Creation – Light on Day One but Sun on Day Four, Why?
On the first day of creation, God created light and darkness and gave them names (Day and NIght), beginning the day/night cycle for the days of the week. If this is so, wasn’t the day/night cycle already in place before the sun/moon were created
on the fourth day of creation? Why was the sun needed to give light upon the earth (verse 17), if God had already created light on day one. And why was the sun needed to divide the light from the darkness (verse 18) when God had already done this on day one of creation?
I love questions like this because they require us to think and go beyond the traditional explanations.
What makes questions like this difficult for some are the assumptions with which we come to the Bible. Some assume that the Genesis account is an account of God‚Äôs creation of the entire universe, but a careful reading of the Bible demonstrates such an assumption is not true.
Job 38:7 tells us the sons of God sang together for joy when earth was created. In other words, intelligent beings were already in existence when God created life on earth. In Hebrews, the Bible tells us that God, through His Son, ‚Äúmade the worlds.‚ÄĚ (1:2 ASV). Genesis is not the account of the creation of the entire universe, but is the record of God‚Äôs creation of life on planet earth. The universe itself, with its many worlds, was already in existence when God came to this corner of the Milky Way to terra-form planet Earth. With this in mind let us explore Genesis 1:2:
‚ÄúNow the earth was formless and empty, darkness was over the surface of the deep.‚ÄĚ
The words translated formless, empty, and darkness are describing a deep void, abyss, hole, or emptiness in space which is so impenetrable that light cannot even escape, what we might call a “black hole.” On day one of Creation Week, when God said, ‚ÄúLet there be light,‚ÄĚ God dissipated this “hole” already in existence in the Milky Way from God‚Äôs previous creation of the universe. The light from the stars of the universe could now pass through, thus, ‚Äúlet there be light.‚ÄĚ
On day four God created the Sun, Moon, and stars of our solar system (Venus, Mercury, Mars, etc.). The ‚Äúevening and morning‚ÄĚ designation or ‚Äúday/night‚ÄĚ description on day one is the Hebrew way of describing a 24 hour period, it is describing the rotation of the earth on its axis every 24 hours. It is ensuring the reader that God‚Äôs terra-forming of planet earth occurred in seven 24 hours periods, not over billions of years.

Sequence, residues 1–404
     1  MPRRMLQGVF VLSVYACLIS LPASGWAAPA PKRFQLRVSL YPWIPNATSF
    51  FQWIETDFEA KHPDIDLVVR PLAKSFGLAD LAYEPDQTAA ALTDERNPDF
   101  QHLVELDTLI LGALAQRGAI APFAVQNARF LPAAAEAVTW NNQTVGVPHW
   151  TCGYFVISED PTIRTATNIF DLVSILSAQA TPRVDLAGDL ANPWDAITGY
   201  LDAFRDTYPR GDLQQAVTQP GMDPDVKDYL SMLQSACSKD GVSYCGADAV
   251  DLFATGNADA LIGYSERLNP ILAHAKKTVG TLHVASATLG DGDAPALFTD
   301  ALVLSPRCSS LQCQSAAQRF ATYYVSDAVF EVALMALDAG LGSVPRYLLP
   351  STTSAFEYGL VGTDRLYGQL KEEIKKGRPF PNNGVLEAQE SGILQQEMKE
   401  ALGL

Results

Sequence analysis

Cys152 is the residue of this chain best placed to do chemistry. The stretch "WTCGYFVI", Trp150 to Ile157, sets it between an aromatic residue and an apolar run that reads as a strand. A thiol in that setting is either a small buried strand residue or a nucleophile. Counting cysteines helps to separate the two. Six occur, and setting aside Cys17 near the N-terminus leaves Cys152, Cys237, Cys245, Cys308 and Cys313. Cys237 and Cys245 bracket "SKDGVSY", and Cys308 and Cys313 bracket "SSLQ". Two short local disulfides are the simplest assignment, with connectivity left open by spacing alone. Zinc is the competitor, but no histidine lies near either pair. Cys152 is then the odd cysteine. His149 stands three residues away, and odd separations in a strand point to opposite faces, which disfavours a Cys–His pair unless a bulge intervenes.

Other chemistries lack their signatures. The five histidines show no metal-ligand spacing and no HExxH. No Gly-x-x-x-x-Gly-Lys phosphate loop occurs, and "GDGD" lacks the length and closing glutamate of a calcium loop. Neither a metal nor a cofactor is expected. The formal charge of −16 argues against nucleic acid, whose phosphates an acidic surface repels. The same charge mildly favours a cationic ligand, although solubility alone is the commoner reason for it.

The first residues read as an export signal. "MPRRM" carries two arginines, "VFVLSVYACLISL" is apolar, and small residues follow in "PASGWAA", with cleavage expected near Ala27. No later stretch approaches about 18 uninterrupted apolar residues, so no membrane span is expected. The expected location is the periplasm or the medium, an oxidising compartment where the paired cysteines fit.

This understanding also reconciles much of the geological arguments against a young earth. The matter at the core of “hole” was created by God billions of years ago when He created the universe. But it wasn‚Äôt until approximately 6,000 years ago that God came to this section of the Milky Way, dissipated the “hole” and used this ancient matter to create this solar system and life on earth. Thus, the inanimate material on earth dating billions of years old in no way undermines our confidence in God‚Äôs Word and His creation of life on earth approximately 6,000 years ago.
[editor: This is only a speculative theory. Actually, the laws of physics break down “inside” a black hole, because matter ceases to exist. That is, a black hole is an infinitely small, infinitely dense, one dimensional, “point” in space where all the mass of all the matter that has fallen in to it resides. Matter, by definition, is 3-dimensional, thus is cannot exist in a one dimensional entity. So, to say God dissolved a black hole and used the matter inside to create the solar system poses infinitely more physics problems than simply saying God created matter out of nothing and made it appear to be billions of years old, OR that Earth was a rogue, ice-covered, rocky-core planet (had no star to orbit – free-“floating” in space) God created along with the rest of the universe billions of years ago – the ancient heavens – and simply “terraformed” it into a habitable sphere by hovering above and surrounding it with his glorious brightness – “and there was light.” – before creating the star we call Sol]